Pulses, which is a common name for beans, peas and lentils, are important crops for achieving #ZeroHunger by 2030. They are nutritious, good for soil and for farmers. That’s why 2016 is the international year of pulses, initiated by the UN Food and Agriculture Organization (FAO).
Pulses are filled with nutrients, contain high levels of protein and soluble fibers and have low-fat content. In crop rotations they fix atmospheric nitrogen. This improves soil fertility and reduces the need for artificial fertilizers.
For producers in many low-income countries, pulses are important for economic as well as for nutritional reasons. The products are often both sold and consumed by the farmers and their families, which contributes to improved food security while creating economic stability. Moreover, using beans or lentils as a cover crop or in intercropping can improve soil biodiversity and help control pests and diseases.
In Sweden, there is a growing consumer trend to reduce meat consumption and substitute it with plant-based protein, such as pulses. This trend has been ongoing for several years and the demand for Swedish beans, peas and lentils is growing rapidly. Currently, the demand is higher than the supply, so actors in the whole value chain from production to consumption are working hard to establish efficient and profitable markets for Swedish pulses to reach the end consumers.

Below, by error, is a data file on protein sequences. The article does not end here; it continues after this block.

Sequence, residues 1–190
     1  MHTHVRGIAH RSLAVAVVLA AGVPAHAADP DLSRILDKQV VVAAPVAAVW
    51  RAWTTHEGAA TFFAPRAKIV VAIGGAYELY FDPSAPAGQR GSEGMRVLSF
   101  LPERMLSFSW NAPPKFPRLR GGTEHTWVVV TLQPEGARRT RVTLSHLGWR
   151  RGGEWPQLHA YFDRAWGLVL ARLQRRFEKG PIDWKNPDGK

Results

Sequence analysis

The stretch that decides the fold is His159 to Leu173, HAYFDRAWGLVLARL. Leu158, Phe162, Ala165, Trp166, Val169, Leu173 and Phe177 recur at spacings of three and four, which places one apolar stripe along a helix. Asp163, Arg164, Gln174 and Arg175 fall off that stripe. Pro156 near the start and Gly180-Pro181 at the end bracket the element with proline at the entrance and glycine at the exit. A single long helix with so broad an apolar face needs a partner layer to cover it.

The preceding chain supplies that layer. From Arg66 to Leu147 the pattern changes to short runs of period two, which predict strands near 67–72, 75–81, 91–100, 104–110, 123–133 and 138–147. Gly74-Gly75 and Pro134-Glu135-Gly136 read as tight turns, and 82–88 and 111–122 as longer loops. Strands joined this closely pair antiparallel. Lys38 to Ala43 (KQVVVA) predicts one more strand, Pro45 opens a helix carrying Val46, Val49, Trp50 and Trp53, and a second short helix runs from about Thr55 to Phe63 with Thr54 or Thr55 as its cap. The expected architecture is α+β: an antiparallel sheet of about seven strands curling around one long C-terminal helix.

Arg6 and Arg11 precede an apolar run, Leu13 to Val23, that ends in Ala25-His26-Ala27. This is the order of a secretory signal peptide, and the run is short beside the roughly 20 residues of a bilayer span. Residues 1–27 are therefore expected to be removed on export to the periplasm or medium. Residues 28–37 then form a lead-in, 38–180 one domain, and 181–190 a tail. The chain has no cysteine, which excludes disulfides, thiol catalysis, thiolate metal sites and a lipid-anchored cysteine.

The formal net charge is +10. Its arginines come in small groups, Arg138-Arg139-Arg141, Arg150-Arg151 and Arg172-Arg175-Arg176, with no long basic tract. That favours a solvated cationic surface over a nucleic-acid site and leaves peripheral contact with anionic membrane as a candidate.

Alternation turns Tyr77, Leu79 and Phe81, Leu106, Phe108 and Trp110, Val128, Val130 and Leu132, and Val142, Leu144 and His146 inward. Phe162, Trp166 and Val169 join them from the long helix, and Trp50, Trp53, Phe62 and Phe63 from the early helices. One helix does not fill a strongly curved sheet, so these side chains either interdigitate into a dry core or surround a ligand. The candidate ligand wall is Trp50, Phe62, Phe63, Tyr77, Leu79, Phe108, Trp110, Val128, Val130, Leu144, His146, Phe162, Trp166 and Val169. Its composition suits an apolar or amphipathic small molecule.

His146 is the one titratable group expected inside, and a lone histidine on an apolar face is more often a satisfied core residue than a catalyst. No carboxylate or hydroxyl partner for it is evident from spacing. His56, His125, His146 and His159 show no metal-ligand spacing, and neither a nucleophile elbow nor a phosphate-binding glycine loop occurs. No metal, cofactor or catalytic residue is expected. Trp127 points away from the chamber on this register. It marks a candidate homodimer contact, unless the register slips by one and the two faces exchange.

Against this background, the Royal Swedish Academy of Agriculture and Forestry (KSLA), in collaboration with SIANI and the Swedish FAO-committee arranges a seminar on pulses on December 14. The seminar will be held in Swedish and will gather Swedish actors in and around the value chain of pulses to discuss their role for a sustainable agricultural and environmental development, both in Sweden and globally.
If you want to read more about the seminar and sign up, click here.
Interested to learn more about the importance of pulses? Check the FAO webpage for more information and delicious pulses recipes!